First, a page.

The manufacturer is found in the FDA's list of Respirator Models Removed from Appendix A (dated removed: 06 June 2020).

        The two respirator model numbers removed are: K0450, 57793

        I know the FDA list is "respirators" and it is different to a face mask - Caveat emptor.

        • +1

          Good sleuthing smb. Seems it's just another case of meaningless/deceptive and unregulated labeling on Chinese-made goods. Sadly it's difficult not to be skeptical about their certification stamps on any product not made for large reputable companies. In some cases it may not matter but for health and electrical products it's very much caveat emptor.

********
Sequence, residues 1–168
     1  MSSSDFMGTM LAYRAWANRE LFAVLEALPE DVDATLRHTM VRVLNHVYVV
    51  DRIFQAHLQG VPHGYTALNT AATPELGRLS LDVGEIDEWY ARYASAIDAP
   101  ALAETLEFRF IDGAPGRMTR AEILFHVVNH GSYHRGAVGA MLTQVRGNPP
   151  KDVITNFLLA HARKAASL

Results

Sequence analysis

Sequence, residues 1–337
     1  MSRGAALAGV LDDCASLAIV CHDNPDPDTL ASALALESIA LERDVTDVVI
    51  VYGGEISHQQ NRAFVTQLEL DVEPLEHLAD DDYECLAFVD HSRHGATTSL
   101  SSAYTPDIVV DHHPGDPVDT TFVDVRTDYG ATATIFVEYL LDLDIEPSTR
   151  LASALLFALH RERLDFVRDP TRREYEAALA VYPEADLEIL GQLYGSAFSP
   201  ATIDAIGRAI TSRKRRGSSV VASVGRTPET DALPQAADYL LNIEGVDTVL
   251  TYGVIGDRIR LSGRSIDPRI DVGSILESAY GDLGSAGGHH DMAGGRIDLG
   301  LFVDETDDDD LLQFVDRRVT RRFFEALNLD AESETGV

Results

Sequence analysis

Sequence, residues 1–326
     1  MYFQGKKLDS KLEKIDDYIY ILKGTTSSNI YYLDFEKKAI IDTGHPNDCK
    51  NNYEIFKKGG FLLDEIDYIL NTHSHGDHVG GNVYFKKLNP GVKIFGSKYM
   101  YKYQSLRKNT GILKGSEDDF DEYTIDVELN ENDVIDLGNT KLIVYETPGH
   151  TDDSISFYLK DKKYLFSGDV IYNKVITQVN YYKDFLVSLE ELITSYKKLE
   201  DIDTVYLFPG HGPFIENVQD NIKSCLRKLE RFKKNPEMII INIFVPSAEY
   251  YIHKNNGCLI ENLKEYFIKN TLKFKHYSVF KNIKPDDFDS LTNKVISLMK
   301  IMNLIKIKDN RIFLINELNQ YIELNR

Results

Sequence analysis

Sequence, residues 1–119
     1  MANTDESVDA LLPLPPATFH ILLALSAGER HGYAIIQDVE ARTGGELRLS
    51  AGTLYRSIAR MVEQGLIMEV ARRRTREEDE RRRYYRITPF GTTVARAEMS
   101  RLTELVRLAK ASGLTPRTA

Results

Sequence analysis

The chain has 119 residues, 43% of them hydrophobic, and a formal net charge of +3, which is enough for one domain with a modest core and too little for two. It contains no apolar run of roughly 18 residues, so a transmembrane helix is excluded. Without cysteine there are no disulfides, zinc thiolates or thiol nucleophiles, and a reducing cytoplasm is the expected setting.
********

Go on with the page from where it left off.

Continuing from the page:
• Posted in error

  • How come eBay allows this item to be listed but not the ones HelloPam did?

  • +1

    Out of curiosity, how many people are using these single use masks versus a fabric washable masks?

    I stopped using the single use when I could finally get a hold of a few reusable ones, but it seems wasteful to continue using single use.

    • +1

      The outside of the mask collects everything it's protecting you from… So disposable is best unless your changing your fabric ones multiple times a day and washing them daily.

      • +1

        I'm using disposable masks, they offer far better protection than reusable ones

    • I found the reusable ones fogged up may glassed a lot more than single use.

      • The trick is to get a reusable with the bendable metal strip so you can press down along the nose.